The fall sent the shares tumbling to 48 cents yesterday following projections the bank will return losses for the next two years.
Concerns have also emerged that the core ratio of the bank is not as strong as indicated by the group when it published results on Wednesday, and that it will need much higher levels of external funding than had been estimated.
The bank’s difficulties worsened after NCB Stockbrokers said the bank will make losses in the next two years. In a note brokers said the bank will make losses of 22 cents a share in the year to 30 September 2009, followed by a loss of 32c the next year.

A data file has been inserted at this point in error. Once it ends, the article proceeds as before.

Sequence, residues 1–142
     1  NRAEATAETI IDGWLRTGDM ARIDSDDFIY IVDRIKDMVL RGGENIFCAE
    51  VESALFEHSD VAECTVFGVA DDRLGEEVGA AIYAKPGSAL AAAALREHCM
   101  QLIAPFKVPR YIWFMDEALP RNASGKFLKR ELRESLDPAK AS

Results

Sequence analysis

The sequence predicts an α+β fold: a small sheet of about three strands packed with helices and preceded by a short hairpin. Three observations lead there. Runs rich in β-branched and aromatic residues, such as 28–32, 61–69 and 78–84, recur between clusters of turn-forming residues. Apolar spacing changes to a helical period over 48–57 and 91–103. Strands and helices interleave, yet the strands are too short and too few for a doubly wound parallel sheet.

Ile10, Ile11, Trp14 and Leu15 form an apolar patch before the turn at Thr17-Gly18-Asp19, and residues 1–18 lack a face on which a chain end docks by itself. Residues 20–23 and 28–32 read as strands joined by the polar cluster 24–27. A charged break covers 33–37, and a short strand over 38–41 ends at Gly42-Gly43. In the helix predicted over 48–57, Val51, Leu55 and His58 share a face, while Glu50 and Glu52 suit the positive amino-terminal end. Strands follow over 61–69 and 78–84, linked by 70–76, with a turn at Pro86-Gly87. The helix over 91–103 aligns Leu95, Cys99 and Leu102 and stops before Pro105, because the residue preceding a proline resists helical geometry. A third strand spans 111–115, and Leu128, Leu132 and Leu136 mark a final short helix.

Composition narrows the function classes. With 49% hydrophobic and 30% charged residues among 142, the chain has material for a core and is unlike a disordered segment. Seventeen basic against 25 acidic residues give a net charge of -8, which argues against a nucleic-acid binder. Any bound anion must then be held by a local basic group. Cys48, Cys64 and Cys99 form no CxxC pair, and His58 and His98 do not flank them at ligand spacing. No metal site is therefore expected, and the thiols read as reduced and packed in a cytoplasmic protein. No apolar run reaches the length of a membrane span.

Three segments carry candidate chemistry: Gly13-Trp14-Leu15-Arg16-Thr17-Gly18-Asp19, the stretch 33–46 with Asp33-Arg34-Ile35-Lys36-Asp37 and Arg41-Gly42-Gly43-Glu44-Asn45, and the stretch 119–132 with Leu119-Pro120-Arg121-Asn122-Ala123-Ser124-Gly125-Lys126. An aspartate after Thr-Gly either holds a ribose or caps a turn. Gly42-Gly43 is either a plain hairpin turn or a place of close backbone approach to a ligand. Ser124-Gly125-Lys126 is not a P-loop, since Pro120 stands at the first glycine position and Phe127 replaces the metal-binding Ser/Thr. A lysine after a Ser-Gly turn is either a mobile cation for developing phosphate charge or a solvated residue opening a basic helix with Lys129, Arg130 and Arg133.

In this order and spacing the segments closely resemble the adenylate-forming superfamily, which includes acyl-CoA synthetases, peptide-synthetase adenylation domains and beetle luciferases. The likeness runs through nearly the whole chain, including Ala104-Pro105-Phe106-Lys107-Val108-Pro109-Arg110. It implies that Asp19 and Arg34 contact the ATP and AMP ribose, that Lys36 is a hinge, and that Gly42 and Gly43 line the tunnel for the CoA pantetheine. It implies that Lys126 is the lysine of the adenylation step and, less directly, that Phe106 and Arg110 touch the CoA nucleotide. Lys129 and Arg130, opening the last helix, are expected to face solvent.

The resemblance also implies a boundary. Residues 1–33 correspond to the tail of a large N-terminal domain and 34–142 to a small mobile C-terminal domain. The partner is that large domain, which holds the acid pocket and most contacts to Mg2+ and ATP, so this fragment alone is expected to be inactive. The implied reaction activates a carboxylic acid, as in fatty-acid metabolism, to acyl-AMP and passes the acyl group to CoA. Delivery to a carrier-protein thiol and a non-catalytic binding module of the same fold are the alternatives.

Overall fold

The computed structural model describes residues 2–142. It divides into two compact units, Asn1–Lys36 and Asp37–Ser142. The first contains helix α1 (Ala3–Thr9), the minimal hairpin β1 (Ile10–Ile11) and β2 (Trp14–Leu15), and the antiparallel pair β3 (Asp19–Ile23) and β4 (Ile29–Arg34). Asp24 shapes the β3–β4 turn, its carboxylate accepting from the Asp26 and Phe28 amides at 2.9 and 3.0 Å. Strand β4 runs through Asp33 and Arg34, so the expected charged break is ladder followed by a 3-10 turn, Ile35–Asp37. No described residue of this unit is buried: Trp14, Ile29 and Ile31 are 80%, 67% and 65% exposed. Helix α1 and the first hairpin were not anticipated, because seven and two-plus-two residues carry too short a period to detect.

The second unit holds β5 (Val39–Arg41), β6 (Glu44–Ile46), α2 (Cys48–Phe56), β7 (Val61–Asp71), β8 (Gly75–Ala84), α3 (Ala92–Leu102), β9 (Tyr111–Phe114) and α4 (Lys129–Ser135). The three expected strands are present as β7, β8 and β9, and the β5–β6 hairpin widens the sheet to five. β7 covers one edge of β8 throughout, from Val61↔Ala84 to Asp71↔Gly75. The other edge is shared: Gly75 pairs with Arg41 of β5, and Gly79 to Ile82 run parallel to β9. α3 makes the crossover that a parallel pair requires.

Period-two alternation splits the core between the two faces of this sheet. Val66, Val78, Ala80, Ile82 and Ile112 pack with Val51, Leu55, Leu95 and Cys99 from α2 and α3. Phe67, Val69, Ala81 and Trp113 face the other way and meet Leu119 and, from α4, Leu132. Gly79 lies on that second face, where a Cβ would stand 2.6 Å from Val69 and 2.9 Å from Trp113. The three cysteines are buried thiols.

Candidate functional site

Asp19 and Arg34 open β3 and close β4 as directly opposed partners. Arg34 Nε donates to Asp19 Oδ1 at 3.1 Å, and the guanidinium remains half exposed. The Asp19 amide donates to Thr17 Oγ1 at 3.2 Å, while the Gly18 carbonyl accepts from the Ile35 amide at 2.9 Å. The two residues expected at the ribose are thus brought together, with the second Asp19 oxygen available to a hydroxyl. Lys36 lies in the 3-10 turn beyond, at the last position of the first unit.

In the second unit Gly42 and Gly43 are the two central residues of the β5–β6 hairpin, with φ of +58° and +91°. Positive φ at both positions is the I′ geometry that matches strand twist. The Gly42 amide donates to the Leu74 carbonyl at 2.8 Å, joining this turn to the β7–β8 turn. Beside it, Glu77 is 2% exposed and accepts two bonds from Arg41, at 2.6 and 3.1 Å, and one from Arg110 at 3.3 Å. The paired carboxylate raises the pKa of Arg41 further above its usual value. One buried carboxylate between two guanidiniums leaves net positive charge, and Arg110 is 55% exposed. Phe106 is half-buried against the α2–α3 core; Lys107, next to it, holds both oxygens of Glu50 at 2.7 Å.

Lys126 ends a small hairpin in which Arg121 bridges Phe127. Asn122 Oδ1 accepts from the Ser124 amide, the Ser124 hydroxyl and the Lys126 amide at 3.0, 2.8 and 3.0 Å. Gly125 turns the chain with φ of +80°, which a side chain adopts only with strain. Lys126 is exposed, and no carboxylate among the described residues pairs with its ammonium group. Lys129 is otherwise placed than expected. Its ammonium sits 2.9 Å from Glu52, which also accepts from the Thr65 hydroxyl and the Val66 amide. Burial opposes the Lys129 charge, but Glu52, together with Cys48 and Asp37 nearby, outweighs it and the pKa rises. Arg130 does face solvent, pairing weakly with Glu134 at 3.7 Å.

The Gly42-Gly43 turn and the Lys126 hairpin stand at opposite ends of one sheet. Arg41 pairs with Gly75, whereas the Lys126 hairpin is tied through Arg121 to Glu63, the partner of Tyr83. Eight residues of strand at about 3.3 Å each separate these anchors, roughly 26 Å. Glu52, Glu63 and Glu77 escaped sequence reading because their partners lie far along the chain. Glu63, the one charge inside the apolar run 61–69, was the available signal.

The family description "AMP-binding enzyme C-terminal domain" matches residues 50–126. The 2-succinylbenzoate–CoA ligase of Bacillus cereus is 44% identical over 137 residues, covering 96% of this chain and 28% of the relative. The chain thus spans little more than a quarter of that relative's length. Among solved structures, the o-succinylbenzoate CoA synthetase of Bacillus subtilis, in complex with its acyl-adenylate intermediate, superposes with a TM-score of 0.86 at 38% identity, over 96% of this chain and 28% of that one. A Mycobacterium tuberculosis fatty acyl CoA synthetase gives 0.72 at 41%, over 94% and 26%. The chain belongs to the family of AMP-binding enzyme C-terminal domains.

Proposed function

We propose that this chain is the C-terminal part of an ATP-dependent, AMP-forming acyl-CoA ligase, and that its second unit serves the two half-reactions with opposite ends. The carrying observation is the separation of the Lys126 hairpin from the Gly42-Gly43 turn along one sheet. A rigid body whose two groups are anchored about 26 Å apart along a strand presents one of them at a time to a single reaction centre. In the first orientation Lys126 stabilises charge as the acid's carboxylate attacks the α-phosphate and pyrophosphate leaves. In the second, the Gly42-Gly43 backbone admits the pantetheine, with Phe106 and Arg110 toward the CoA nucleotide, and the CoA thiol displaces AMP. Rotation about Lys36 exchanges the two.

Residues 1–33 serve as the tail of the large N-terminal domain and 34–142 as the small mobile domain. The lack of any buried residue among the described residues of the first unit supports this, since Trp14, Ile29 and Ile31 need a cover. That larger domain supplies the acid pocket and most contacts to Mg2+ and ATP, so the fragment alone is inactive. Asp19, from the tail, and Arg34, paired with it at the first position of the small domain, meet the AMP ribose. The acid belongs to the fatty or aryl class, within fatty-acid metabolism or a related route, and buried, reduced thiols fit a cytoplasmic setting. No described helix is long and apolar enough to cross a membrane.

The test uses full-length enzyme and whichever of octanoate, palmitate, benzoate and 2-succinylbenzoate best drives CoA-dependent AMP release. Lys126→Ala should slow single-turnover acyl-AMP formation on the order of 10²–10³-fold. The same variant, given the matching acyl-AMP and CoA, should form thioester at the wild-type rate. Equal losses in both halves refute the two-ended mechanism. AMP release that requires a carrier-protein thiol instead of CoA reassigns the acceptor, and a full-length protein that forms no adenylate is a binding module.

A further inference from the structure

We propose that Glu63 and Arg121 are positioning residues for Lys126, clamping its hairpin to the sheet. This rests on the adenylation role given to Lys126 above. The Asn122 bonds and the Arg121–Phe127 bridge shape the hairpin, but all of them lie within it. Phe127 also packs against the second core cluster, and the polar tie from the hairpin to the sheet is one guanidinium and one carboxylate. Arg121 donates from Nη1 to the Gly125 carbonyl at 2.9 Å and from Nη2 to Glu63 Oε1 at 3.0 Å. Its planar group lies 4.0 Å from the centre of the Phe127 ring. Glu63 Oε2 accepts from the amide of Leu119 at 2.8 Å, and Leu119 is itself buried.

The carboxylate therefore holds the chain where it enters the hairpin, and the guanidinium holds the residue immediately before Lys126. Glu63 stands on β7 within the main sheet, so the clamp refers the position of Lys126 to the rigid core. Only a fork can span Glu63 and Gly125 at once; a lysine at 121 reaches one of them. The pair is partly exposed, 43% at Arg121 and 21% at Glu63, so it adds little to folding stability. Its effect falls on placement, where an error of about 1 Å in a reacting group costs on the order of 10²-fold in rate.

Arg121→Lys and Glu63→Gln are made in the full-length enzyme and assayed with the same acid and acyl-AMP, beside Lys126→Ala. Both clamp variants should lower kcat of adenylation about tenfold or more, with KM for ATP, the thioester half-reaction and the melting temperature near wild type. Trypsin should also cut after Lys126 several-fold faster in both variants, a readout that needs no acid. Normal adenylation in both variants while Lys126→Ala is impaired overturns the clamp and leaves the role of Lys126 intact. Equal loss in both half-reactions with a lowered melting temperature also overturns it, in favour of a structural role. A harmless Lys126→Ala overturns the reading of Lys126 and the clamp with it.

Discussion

NCB had previously forecast profits for both years.
The brokers fear that bad debts will be significantly higher than forecast by Anglo, which wrote off €224m in bad debts last year and set aside a further provision of €500m against future write offs.
The analysts said bad debt provision could be as much as 2.34% of total loans in 2009 compared with Anglo’s forecast of 1.2%.
Analyst Alex Potter of Collins Stewart yesterday described results as “weak” and said the asset quality was “deteriorating fast”.
Meanwhile it has emerged that private equity firm Apax Partners is looking at taking an investment stake in Bank of Ireland.
Apax was the missing link in the chain of international equity houses named as potential investors in the group. The Mallabraca bidding consortium of JC Flowers and Carlyle Group, have been linked to a proposal to take a 60% stake in bank. It is thought that US buyout groups TPG, KKR have also made offers.